A prospective study has revealed that cryoneurolysis could be a potential treatment for patients with neuralgia when conventional treatments fail. The minimally invasive treatment at the site of focal neuralgia statistically significantly decreased pain scores in patients.
The results of the 20-patient study also showed that the decrease in pain levels was temporary and that repeat treatments were necessary in all patients. Data were presented at the Society of Interventional Radiology’s 38th Annual Scientific Meeting in New Orleans, USA.
The study set out to determine the effect of nerve cryoablation on pain levels in patients with documented neuralgia in a case mix that included intercostal nerves, foot neuromas, ilioinguinal, saphenous, and gluteal nerves. Cryoneurolysis has been used to obtain analgesia in several pain syndromes including occipital neuralgia, intercostal nerves for post-thoracotomy pain syndrome, entrapped ilioinguinal nerves, neuromas, and other conditions, the authors of the abstract noted.
Neuralgia patients often rely on pain medications that have side-effects and may not provide enough relief. Cryoneurolysis uses a small probe that is cooled (from -10 to -16 degrees Celsius), creating a freezer burn along the outer layer of the nerve. This interrupts the pain signal to the brain and blunts or eliminates the pain while allowing the damaged nerves to grow over time. “The effect is equivalent to removing the insulation from a wire, decreasing the rate of conductivity of the nerve. Fewer pain signals means less pain, and the nerve remains intact. Cryoneurolysis offers these patients an innovative treatment option that provides significant lasting pain relief and allows them to take a lower dose of pain medication—or even skip drugs altogether,” said William Moore, medical director of radiology at Stony Brook University School of Medicine in Stony Brook, USA.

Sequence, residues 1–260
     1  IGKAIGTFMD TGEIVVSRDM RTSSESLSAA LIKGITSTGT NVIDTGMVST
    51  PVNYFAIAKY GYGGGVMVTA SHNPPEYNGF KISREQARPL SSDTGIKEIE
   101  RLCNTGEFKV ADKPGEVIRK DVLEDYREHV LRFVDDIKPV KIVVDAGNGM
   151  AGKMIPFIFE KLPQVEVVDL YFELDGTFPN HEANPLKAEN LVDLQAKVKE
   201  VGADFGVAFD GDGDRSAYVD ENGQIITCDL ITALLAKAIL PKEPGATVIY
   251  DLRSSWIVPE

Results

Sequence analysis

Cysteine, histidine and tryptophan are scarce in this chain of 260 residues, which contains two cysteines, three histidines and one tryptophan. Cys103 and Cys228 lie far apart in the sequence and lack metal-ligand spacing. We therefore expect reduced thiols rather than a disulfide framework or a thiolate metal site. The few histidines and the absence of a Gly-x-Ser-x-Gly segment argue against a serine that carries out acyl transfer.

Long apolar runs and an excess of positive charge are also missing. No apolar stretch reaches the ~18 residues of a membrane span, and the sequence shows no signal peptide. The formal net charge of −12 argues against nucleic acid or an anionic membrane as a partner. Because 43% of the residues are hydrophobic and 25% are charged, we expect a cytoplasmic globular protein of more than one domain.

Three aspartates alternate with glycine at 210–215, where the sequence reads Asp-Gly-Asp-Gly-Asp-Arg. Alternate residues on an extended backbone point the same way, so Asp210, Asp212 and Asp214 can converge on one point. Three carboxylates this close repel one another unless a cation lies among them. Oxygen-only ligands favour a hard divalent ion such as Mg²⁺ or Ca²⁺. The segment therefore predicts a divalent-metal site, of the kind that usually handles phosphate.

In the study, 20 patients received cryoneurolysis treatment for a variety of neuralgia syndromes and were evaluated using a visual pain scale questionnaire immediately after treatment during the one-week, one-month and three-month follow-ups after the initial procedure.
With the exception of one patient, all other patients included in the study described improvement in their pain. Pain in the cohort decreased from an average of 8 out of 10 on the pain scale pre-treatment to 2.4 one week after treatment.